Grants for Moat Brae and Campbeltown Picture House

Campbeltown Picture House is one of our oldest cinemas
Campbeltown Picture House is one of our oldest cinemas
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THE gardens that inspired the story of Peter Pan, and one of Scotland’s oldest cinemas have both successfully bid for Lottery cash to aid their restoration.

Campbeltown Picture House on the Kintyre peninsula celebrated its 100th anniversary last May and will receive £1.1 million to keep it open for film lovers for years to come.

The A-listed art nouveau building will be restored as part of a three-year project which will see a second auditorium and a new cafe bar added.

Meanwhile, Moat Brae House in Dumfries has been awarded £1.7m by the Heritage Lottery Fund (HLF).

Peter Pan author JM Barrie has suggested that the tale of the boy who never grew up, first published in 1904, was conceived on the estate where he enjoyed playing pirates as a child.

Barrie is quoted as saying that his “escapades in a certain Dumfries garden, which is enchanted land to me, were certainly the genesis of that nefarious work”.

A project is under way to transform the house and its gardens into Scotland’s first centre for children’s literature and storytelling.


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Actress Joanna Lumley, patron of the Peter Pan Moat Brae Trust, said: “This grant will make a sensational difference to Moat Brae and the plans for the future of the Peter Pan Moat Brae Trust.

“It means that we can now move swiftly towards our goals of restoring the house and garden in readiness for its role in the literary life of children in Scotland.

“Our aims are to nurture the memories of past writers and to encourage the emergence of new, young talent, to respect our extraordinary literary inheritance and to enable children’s imaginations to fly, like Peter Pan.”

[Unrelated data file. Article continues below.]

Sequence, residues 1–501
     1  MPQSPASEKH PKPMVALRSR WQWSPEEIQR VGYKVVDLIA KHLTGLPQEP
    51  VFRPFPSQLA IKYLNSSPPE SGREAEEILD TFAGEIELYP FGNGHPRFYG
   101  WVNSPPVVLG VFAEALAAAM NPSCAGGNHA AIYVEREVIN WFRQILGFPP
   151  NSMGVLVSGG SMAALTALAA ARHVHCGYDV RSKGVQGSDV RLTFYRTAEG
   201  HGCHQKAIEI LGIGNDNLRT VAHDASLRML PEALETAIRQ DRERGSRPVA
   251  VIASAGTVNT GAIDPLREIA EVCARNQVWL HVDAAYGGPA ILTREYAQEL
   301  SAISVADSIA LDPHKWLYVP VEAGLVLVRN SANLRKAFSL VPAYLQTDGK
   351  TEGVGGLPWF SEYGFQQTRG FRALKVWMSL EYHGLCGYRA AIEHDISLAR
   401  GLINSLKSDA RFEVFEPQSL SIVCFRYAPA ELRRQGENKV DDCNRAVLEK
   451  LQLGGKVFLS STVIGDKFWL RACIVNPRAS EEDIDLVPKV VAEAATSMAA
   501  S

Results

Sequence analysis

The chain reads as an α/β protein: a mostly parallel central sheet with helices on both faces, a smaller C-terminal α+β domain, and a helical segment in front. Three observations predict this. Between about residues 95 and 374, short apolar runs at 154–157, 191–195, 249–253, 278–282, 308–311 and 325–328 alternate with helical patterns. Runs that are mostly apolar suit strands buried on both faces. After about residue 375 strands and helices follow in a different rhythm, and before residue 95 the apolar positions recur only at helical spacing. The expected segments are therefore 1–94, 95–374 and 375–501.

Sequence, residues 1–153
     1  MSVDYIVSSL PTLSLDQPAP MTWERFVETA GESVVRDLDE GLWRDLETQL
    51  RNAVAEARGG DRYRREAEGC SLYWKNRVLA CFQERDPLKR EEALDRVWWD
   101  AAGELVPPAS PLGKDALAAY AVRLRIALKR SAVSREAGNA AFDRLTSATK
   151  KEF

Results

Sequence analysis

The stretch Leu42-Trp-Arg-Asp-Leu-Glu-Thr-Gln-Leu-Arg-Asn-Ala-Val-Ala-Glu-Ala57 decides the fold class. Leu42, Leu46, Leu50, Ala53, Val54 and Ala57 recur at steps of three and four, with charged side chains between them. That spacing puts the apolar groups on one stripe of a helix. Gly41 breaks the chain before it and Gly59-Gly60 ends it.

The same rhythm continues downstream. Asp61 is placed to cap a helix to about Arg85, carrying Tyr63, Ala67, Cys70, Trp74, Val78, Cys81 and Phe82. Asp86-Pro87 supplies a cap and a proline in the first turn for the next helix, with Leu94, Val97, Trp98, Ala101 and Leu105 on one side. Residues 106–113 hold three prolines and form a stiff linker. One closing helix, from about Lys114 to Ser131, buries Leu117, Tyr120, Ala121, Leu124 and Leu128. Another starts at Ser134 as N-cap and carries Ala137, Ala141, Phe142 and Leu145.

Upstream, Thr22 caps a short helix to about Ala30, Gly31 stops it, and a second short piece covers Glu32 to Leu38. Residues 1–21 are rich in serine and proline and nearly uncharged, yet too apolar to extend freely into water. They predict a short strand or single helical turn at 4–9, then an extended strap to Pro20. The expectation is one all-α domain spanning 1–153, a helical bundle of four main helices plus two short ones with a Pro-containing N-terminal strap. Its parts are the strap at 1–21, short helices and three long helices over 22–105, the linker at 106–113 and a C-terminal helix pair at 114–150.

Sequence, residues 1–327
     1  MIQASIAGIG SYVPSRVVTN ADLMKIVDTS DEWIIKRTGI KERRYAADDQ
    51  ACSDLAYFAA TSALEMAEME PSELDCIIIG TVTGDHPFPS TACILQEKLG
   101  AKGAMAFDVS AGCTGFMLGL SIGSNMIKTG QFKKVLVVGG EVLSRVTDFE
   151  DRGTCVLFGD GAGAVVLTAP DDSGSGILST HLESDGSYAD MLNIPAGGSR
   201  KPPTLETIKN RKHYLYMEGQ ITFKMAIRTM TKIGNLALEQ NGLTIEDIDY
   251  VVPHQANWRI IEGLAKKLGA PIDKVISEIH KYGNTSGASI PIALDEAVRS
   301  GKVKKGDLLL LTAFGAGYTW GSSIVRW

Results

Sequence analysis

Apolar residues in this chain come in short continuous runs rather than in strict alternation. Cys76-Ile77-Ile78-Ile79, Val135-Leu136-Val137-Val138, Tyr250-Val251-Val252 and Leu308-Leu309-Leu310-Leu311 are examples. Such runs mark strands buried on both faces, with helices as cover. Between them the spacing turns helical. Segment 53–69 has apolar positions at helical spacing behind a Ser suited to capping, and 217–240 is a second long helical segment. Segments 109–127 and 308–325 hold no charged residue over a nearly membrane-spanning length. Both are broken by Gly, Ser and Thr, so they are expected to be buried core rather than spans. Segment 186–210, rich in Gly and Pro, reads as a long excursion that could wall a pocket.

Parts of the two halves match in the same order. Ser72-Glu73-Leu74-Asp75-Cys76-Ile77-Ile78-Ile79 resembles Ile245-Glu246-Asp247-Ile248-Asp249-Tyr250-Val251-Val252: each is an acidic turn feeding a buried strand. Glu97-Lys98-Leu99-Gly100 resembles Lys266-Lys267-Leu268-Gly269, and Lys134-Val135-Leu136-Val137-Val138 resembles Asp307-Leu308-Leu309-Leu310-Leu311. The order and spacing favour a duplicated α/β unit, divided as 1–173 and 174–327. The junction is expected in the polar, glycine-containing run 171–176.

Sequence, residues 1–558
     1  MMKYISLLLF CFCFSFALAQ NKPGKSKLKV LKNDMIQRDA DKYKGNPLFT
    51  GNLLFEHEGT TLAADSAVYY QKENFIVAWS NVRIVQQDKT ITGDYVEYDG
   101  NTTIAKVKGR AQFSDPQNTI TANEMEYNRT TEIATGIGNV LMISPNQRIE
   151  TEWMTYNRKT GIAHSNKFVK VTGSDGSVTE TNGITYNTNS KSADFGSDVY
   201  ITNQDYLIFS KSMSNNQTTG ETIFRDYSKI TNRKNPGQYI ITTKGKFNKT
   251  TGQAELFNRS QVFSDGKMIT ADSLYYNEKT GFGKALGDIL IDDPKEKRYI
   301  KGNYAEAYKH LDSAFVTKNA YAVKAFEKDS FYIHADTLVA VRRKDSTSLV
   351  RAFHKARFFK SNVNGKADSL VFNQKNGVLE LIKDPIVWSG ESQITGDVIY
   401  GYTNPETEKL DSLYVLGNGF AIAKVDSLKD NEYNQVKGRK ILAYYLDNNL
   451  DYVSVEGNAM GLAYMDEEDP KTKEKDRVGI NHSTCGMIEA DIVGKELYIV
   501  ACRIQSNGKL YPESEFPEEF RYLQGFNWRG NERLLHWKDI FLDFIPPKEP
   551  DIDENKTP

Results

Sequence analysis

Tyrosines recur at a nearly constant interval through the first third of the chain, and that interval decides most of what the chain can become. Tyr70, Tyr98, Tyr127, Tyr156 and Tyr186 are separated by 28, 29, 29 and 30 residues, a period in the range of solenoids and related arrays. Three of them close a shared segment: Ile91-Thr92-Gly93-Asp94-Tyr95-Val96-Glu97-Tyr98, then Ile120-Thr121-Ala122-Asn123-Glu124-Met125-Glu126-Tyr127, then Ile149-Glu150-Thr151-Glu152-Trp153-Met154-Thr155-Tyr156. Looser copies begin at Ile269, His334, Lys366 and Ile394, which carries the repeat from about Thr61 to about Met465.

The HLF announced grants yesterday totalling more than £4.8 million in Scotland.

The A-listed Picture House in Campbeltown is the oldest purpose-built cinema in Scotland still showing films.

The cinema is currently closed to the public pending restoration and redevelopment.

Staff hope the cinema will reopen in mid-2016.

Colin McLean, head of HLF in Scotland, said: “Heritage is an ordinary word for something that is quite extraordinary. The strands that weave the rich tapestry of Scotland’s history are too numerous to define. Literature, buildings, industry, popular culture and wildlife are all an essential part of where we come from.

“HLF is delighted to bring Christmas cheer to these presents from our past so that they can be cared for, enjoyed, learned from and celebrated well into the future.”

Earlier this month, HLF awarded Historic Scotland a £3.8m grant to create Scotland’s first building conservation centre at The Engine Shed in Stirling.

The successful HLF bid completed a funding jigsaw for the £8.9m project to go ahead, adding to funding which had already been secured from the European Regional Development Fund and the Scottish Government’s Young Scots Fund.

The National Museum of Flight at East Fortune in East Lothian was also a recent recipiant of Lottery funding, gaining a grant of £1.3m to help pay for the transformation of two hangars.

The Scottish Maritime Museum in Irvine and the University of Glasgow’s textile industry collection were also granted funding earlier this year to allow them to seek out and purchase what they need to enhance their collections.


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